With amblyopia patients, every case is unique and the treatment always presents many challenges. The primary management depends on the type and depth of the amblyopia, and the secondary management is based on the compliance to treatment from the child and parent. But in both of these elements, contact lenses can play an integral role in the management of this condition.
Amblyopia develops when there is decreased visual stimulation during the critical period of visual development. Common causes are anisometropia, strabismus and vision deprivation (most commonly from congenital cataracts and ptosis). Treatment of amblyopia includes correcting the refractive error and occlusion or penalization of the non-amblyopic eye. At times, surgical intervention is necessary to correct muscle imbalance, remove cataracts or correct a ptosis.
But, as we all know, it is never that simple. For many different reasons, young children will often not tolerate traditional amblyopia treatment. They will not like glasses on their face, nor will tolerate occlusion by patching. There are many cases where the glasses initially blur their vision during the adaptation period, which can lead to kids looking over their glasses. Children, especially young children, often don’t understand the treatment, and why it is necessary.
This is where contact lenses can come into play. There are times when contact lenses are a good option to improve compliance, help adaptation and improve cosmesis, but in some cases, contact lenses are the standard of care in amblyopia treatment. We will discuss three important areas when it comes to using contact lenses to help treat amblyopia: anisometropic amblyopia, unilateral aphakia from congenital cataracts and occlusion therapy.
Anisometropia is one of the most common causes of amblyopia. It presents as anisohyperopia, anisomyopia or anisoastigmatism—each one unique in their management. The standard of care is to correct the refractive error with spectacles, then implement occlusion patching when the anisometropia is more significant or if correction alone is not improving the amblyopia.
Spectacle correction is typically the starting point for this condition, but if the difference of the required correction between the eyes is significant (>5.00D) contact lenses become the preferred choice. Unlike spectacle correction, contact lenses will reduce anisokonia, minimize prismatic effects during eye movements, increase peripheral field of view and decrease peripheral distortions. Improving the visual effects caused by spectacles can help with important things, such as adaptation and cosmesis. But, to a greater extent, these visual distortions can lead to diplopia or suppression, which is counter to the treatment we are trying to provide. In these instances, contact lenses provide the anisometropic patient with the best opportunity for binocular vision development and amblyopia reversal.
In most anisometropia patients, standard soft disposable contact lenses can be used. You should use silicone hydrogel materials to fit toddlers whenever possible—their lifestyle includes frequent naps, so high Dk materials are important. If a patient has very high astigmatism, very high sphere or requires atypical fitting parameters (e.g., steep base curves, small diameters), custom designs should be considered. Most custom designs come in monthly, quarterly and yearly replacement. A few recommended manufacturers are Alternative Vision Solutions, Specialeyes, Gelflex or CooperVision Hydrasoft.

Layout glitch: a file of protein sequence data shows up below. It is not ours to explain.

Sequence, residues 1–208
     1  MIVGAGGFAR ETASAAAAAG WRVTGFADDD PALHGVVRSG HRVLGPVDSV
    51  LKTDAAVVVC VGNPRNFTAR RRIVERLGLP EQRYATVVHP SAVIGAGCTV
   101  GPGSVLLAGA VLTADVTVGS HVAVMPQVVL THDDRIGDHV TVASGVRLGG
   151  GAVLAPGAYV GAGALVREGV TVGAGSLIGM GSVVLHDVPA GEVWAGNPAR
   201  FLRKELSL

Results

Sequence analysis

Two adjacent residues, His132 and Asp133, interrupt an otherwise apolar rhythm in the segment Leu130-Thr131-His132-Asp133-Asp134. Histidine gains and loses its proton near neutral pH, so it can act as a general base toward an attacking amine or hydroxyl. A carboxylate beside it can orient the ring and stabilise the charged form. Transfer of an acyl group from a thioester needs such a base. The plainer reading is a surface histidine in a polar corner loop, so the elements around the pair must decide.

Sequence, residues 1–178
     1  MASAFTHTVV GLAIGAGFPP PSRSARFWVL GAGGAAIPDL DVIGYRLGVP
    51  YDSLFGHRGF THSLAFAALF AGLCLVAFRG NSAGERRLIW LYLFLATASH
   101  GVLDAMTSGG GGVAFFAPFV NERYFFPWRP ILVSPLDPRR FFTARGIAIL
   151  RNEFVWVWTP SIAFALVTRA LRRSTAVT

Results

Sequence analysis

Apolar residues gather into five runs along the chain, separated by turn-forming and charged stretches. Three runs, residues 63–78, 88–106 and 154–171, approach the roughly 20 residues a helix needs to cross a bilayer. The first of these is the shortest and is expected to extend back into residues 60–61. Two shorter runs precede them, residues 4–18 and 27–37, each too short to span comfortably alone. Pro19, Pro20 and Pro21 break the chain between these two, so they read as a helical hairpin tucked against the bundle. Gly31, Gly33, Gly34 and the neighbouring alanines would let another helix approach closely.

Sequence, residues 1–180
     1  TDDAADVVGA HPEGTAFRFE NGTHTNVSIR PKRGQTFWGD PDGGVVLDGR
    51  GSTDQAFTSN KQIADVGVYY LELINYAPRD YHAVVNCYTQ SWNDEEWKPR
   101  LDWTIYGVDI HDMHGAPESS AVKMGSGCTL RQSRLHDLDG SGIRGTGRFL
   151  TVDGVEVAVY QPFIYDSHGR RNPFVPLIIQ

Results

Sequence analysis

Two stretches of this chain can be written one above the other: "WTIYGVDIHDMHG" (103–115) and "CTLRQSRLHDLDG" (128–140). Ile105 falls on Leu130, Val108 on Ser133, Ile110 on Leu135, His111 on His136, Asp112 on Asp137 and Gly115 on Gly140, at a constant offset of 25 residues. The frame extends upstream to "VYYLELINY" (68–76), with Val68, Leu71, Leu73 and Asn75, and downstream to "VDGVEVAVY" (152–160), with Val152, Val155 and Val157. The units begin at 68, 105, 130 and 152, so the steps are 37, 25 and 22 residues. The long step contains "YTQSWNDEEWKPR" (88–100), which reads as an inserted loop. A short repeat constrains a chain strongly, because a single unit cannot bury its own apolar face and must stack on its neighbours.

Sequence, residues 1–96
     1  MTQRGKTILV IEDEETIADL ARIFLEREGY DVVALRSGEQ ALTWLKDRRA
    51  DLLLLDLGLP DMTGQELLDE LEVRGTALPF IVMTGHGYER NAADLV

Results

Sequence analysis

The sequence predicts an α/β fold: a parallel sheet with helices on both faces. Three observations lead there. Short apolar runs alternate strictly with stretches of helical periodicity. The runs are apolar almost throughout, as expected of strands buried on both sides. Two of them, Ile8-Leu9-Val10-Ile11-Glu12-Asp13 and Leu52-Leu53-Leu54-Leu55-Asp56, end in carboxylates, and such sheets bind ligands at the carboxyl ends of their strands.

The diagnosis, treatment and management of congenital cataracts come at a very early age. Visual prognosis is based on age, density of the cataract, whether there is an accompanying disease like persistent hyperplastic primary vitreous (PHPV) and whether it is unilateral or bilateral. For a good visual outcome, it is essential to intervene surgically, give the proper optical correction and implement aggressive amblyopia therapy before the infant is six months old. In these patients, compliance is critical.
Contact lens wear is the standard of care for optical correction. Spectacles are only used if the lenses are lost or damaged and in instances of poor compliance. In general, infants do not tolerate glasses well. So, in addition to the asymmetric weight of a unilateral aphakic spectacle correction and the large image size disparity between the eyes, this makes contact lenses essential for unilateral aphakic correction. A typical pediatric aphakic spectacle power increases the image size up to 30%, while a contact lens increases the size by up to 12%. Intraocular lenses provide the best optical correction, but are not used in most cases until one and a half to two years of age.
Bausch + Lomb’s Silsoft Super Plus remains the lens of choice for correcting infants who had cataract surgery and had not received an intraocular lens implant. Silsoft is made of the silicone elastomer material elastofilcon. This material continues to have the highest oxygen permeability (Dk: 340) of any material available. It is available in parameters necessary to fit an infant cornea:
• Base curves: 7.5mm, 7.7mm and 7.9mm
• Diameter: 11.3mm
• Powers: +23.00D to +32.00D (in 3.00D steps)
Extended parameters are available for older children.
The high level of oxygen permeability makes this material safe for extended wear, which is necessary for these patients. As a group, the pediatric population doesn’t often have issues with protein or lipid build-up on lenses, but silicone elastomer material is prone to these issues. The recommended disinfection and cleaning methods for Silsoft is a hydrogen peroxide-based care system, such as Clear Care (CIBA Vision).
Unilateral Aphakic Fitting
It is important not to delay the lens fitting of an aphakic infant. Typically, around one week post surgery or sooner, the eye has healed and is ready to be fit. It is recommended to start by putting on a fitting lens of the steepest base curve (7.5mm) and a higher power (+29.00D). To determine the power, do over-retinoscopy with loose lenses with the fitting lens in place. Then, because an infant’s visual world is within three feet of them, it is important to add +3.00D to the power that you measure. Next, observe the lens to be sure it remains centered and that it is not moving off the cornea under the lid. If so, it may be too flat.